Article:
Kobo Emerging Writer Prize: Ann Y.K. Choi, M-E Girard & Lynne Kutsukake

IMG_4388The shortlist for the third annual Kobo Emerging Writer Prize was recently announced and I was so thrilled to see Canadian authors Ann Y.K. Choi, M-E Girard and Lynne Kutsukake on the list. Their debuts are some of my most anticipated so I wanted to take the time to highlight them:

Kay’s Lucky Coin Variety by Ann Y.K. Choi

Girl Mans Up by M-E Girard

The Translation of Love by Lynne Kutsukake

This award is handed out to a debut novel (published the same year) in each of three categories: Non-Fiction, Literary Fiction, and Genre Fiction (Speculative Fiction this year). Along with a $10,000 CAD cash prize, each winning author receives promotional, marketing, and communications support. This is such a big award for Canadian debut authors and I’m especially happy to see a YA title on an awards list usually dominated by adult books. If you haven’t already, add these three books to your TBR. You can check out the rest of the shortlist here.

Also, if you’ve read any of these be sure to leave a review on book retailer sites like Amazon, Chapters/Indigo and Kobo. For this specific award, book completion rates, customer ratings and reviews were considered when selecting the shortlist titles. Your reviews, even if only a few lines, do matter! You can also follow these authors on Twitter by clicking on their names below:


Kay’s Lucky Coin Variety by Ann Y.K. Choi

Simon and Schuster | May 3, 2016

Buy: Amazon | Book Depository | Chapters/Indigo.ca | B&N | Kobo

Synopsis:

A bittersweet coming-of-age debut novel set in the Korean community in Toronto in the 1980s.

This haunting coming-of-age story, told through the eyes of a rebellious young girl, vividly captures the struggles of families caught between two cultures in the 1980s. Family secrets, a lost sister, forbidden loves, domestic assaults—Mary discovers as she grows up that life is much more complicated than she had ever imagined. Her secret passion for her English teacher is filled with problems and with the arrival of a promising Korean suitor, Joon-Ho, events escalate in ways that she could never have imagined, catching the entire family in a web of deceit and violence.

A unique and imaginative debut novel, Kay’s Lucky Coin Variety vocatively portrays the life of a young Korean Canadian girl who will not give up on her dreams or her family.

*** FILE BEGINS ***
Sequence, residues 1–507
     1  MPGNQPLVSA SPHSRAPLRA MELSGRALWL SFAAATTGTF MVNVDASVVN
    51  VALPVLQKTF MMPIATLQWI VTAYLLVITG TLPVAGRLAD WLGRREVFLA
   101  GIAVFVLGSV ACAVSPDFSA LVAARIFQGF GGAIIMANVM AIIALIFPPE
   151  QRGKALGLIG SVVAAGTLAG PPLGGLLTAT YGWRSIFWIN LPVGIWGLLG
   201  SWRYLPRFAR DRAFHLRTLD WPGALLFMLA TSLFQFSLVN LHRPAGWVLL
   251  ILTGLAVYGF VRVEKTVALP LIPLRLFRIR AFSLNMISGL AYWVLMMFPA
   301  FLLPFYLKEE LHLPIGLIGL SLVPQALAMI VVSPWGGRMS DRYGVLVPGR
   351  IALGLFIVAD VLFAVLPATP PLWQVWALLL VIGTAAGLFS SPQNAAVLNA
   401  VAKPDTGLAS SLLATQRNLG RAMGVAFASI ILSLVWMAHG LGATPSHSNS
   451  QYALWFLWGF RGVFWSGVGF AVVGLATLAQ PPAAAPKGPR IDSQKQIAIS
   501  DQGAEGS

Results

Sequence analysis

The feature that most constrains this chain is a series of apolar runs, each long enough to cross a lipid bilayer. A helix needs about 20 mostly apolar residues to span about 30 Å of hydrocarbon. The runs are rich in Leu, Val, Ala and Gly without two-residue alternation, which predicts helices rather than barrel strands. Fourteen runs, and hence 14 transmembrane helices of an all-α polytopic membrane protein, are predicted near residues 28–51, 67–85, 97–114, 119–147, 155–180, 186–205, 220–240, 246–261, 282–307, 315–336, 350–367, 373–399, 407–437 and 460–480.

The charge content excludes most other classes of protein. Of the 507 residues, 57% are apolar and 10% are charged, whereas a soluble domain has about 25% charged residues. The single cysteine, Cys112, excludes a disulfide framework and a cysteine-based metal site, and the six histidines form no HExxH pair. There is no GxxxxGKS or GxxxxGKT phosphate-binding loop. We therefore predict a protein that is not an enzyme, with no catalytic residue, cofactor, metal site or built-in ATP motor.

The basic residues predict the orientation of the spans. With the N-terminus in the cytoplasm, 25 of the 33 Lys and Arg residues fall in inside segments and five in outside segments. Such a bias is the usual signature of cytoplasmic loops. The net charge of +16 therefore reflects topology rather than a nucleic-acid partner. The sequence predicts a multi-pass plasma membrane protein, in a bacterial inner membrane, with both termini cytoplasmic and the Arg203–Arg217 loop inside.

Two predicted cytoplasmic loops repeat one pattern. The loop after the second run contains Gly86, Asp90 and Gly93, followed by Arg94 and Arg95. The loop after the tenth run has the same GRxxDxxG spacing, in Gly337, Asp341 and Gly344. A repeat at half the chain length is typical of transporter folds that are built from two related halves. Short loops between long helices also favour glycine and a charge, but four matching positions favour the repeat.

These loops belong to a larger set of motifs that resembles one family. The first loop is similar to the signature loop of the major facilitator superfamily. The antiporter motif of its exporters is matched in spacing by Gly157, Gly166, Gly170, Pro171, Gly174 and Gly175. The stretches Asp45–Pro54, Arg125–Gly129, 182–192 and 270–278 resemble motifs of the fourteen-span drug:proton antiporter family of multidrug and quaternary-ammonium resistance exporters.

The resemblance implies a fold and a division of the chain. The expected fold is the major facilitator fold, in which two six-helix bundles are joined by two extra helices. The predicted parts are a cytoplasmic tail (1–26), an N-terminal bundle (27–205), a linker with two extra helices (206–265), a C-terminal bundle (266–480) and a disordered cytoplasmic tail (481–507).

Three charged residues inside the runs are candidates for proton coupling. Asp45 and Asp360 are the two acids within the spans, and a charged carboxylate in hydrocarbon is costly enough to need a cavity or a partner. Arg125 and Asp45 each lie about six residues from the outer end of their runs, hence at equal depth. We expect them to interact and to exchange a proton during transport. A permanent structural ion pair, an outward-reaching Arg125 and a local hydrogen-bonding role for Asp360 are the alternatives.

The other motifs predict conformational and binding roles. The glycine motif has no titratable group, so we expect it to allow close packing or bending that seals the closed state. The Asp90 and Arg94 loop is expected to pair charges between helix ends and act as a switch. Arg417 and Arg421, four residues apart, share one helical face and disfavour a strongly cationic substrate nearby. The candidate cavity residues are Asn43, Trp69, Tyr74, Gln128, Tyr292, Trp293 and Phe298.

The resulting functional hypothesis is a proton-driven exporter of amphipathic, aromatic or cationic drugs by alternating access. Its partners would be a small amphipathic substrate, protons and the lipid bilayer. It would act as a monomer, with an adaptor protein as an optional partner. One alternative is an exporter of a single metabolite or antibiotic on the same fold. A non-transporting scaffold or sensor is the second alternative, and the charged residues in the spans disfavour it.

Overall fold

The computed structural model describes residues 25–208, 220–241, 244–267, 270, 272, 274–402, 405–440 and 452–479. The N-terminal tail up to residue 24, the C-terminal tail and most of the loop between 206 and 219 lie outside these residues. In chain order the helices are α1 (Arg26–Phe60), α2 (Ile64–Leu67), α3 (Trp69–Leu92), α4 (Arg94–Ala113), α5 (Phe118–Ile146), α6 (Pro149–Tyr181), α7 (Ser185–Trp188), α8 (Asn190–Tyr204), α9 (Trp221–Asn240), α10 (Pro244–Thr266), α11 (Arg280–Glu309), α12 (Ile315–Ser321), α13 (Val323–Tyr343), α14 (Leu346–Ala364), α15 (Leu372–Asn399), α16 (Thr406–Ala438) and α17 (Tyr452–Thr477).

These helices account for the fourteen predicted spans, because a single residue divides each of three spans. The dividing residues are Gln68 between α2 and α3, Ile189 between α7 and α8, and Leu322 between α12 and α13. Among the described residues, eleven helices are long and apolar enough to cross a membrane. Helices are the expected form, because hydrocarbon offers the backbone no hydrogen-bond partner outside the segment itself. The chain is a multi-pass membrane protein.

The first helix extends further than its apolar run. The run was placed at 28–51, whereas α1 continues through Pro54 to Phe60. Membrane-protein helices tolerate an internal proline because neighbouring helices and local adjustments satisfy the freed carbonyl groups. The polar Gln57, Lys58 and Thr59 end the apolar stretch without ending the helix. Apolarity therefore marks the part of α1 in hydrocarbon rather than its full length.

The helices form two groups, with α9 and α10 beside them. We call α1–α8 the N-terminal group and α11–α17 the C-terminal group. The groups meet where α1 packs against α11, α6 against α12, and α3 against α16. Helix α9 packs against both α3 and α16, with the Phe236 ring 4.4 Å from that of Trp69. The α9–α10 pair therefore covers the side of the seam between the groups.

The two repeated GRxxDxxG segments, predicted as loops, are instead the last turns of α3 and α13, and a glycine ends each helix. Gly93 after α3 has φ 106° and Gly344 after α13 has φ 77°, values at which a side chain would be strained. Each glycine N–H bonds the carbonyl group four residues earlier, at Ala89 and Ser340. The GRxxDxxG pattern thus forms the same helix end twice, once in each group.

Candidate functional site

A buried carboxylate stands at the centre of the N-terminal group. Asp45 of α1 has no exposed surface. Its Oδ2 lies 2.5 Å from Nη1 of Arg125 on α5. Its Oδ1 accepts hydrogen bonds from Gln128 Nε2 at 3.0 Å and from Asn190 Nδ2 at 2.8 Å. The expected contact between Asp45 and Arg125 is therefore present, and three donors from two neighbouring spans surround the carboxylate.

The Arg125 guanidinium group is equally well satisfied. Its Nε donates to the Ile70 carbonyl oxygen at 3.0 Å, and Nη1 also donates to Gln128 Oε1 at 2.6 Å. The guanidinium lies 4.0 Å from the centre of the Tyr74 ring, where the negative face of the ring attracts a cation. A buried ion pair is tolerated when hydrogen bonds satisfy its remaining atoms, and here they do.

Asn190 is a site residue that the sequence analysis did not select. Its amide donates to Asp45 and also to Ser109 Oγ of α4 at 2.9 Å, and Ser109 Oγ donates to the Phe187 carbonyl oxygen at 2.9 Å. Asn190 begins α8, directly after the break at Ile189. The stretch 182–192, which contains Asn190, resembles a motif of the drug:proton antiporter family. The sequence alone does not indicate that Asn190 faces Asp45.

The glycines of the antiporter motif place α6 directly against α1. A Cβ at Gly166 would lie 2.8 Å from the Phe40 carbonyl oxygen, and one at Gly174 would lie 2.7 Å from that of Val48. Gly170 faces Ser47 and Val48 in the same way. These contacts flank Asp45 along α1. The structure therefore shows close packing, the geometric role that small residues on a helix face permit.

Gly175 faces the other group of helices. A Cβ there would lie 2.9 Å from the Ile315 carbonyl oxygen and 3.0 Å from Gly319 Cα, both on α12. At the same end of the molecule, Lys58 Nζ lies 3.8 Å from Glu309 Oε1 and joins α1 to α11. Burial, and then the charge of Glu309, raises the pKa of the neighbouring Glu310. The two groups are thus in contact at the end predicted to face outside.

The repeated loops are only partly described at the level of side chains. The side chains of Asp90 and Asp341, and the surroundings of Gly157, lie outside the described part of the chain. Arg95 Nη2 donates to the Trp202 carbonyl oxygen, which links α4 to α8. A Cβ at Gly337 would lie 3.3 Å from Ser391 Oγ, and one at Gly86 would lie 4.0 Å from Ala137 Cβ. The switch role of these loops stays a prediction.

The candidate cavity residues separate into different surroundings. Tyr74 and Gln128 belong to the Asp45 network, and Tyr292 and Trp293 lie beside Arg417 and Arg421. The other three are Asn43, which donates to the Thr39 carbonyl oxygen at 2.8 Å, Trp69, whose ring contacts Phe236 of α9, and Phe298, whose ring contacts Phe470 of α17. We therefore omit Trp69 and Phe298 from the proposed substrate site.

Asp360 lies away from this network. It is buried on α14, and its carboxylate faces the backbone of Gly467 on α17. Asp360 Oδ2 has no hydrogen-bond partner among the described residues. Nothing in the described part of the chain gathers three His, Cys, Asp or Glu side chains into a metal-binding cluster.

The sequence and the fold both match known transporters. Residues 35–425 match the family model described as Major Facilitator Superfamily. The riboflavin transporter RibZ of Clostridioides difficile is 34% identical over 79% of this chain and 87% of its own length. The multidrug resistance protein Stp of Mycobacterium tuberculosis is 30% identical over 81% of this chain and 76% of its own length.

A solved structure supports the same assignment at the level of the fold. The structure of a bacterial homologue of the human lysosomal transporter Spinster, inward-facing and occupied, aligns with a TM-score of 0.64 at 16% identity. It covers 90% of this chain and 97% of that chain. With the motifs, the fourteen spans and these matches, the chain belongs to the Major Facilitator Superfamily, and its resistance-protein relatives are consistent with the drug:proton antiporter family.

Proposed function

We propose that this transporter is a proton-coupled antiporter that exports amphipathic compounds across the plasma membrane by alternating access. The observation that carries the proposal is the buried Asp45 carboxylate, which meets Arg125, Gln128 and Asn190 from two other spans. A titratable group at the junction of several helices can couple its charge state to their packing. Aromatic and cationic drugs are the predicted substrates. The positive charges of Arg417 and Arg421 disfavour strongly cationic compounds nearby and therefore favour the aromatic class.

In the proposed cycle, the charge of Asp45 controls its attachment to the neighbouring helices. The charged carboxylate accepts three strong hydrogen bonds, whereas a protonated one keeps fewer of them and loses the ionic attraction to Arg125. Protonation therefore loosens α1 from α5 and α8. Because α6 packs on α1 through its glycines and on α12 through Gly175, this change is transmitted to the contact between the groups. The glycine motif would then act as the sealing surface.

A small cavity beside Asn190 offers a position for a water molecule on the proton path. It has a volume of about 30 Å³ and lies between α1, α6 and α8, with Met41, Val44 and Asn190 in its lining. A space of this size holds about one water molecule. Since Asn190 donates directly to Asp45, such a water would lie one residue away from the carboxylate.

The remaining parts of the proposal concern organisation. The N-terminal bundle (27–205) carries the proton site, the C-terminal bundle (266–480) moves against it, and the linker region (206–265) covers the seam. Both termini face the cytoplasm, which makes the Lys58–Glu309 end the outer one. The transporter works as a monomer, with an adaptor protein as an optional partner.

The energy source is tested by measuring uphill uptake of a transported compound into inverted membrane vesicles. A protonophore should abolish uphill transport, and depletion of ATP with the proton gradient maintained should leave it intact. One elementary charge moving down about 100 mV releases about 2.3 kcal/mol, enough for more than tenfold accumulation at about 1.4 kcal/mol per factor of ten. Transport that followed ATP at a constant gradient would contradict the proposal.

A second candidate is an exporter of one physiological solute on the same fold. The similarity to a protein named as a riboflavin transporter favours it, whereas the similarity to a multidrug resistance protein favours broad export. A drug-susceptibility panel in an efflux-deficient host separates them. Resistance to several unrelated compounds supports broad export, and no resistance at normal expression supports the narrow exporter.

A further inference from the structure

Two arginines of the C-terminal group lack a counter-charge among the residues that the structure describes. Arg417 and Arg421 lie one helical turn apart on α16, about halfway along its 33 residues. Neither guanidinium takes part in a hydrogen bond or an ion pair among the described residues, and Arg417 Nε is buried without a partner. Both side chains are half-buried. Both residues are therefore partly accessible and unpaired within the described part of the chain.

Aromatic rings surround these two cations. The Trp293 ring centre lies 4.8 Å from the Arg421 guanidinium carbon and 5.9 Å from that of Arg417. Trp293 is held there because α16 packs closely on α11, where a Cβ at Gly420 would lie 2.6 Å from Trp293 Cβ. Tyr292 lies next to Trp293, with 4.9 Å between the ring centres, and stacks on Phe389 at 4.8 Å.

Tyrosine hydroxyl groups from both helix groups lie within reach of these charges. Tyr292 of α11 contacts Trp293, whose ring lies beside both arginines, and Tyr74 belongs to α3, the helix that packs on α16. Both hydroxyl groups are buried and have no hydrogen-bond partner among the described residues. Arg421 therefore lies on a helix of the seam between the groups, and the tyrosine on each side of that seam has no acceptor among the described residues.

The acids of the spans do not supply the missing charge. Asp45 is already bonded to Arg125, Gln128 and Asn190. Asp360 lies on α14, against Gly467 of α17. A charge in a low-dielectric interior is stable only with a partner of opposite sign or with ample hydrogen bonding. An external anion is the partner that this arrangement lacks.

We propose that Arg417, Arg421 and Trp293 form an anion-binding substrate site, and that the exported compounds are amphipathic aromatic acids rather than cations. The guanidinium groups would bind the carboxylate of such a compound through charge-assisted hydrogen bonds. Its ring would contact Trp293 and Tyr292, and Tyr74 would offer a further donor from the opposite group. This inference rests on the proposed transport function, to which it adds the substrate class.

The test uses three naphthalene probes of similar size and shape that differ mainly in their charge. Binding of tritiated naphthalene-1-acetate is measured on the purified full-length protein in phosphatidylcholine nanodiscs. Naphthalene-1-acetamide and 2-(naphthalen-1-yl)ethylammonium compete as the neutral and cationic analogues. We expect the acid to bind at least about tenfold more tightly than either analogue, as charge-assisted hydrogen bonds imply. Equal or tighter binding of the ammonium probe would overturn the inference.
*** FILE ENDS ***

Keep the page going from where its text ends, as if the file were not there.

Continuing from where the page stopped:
-I believe this was published as adult fiction but could appeal to YA readers


28217802Girl Mans Up by M-E Girard

HarperCollins | September 6, 2016

Buy: Amazon | Book Depository | Chapters/Indigo.ca | B&N | Kobo

Synopsis:

All Pen wants is to be the kind of girl she’s always been. So why does everyone have a problem with it? They think the way she looks and acts means she’s trying to be a boy—that she should quit trying to be something she’s not. If she dresses like a girl, and does what her folks want, it will show respect. If she takes orders and does what her friend Colby wants, it will show her loyalty. But respect and loyalty, Pen discovers, are empty words. Old-world parents, disintegrating friendships, and strong feelings for other girls drive Pen to see the truth–that in order to be who she truly wants to be, she’ll have to man up.


25893533The Translation of Love by Lynne Kutsukake

Knopf Canada | April 5, 2016

Buy: Amazon | Book Depository | Chapters/Indigo.ca | B&N | Kobo

Synopsis:

Set against the pulsing backdrop of post-war Tokyo, The Translation of Love tells the gripping and heartfelt story of a newly repatriated Japanese-Canadian girl who must help a classmate find her missing sister. A dazzling New Face of Fiction for 2016 that will appeal to readers of All the Light We Cannot See and Anita Shreve.

Thirteen-year-old Aya Shimamura is released from a Canadian internment camp in 1946, still grieving the recent death of her mother, and repatriated to Japan with her embittered father. They arrive in a devastated Tokyo occupied by the Americans under the command of General Douglas MacArthur. Aya’s English-language abilities are prized by the principal of her new school, but her status as the “repat girl” makes her a social pariah–until her seatmate, a fierce, willful girl named Fumi Tanaka, decides that Aya might be able to help her find her missing older sister. Beautiful Sumiko has disappeared into the seedy back alleys of the Ginza. Fumi has heard that General MacArthur sometimes assists Japanese citizens in need, and she enlists Aya to compose a letter in English asking him for help.

Corporal Matt Matsumoto is a Japanese-American working for the Occupation forces, and it’s his overwhelming job to translate thousands of letters for the General. He is entrusted with the safe delivery of Fumi’s letter; but Fumi, desperate for answers, takes matters into her own hands, venturing into the Ginza with Aya in tow.

Told through rich, interlocking storylines, The Translation of Love mines a turbulent period to show how war irrevocably shapes the lives of both the occupied and the occupiers, and how the poignant spark of resilience, friendship and love transcends cultures and borders to stunning effect.

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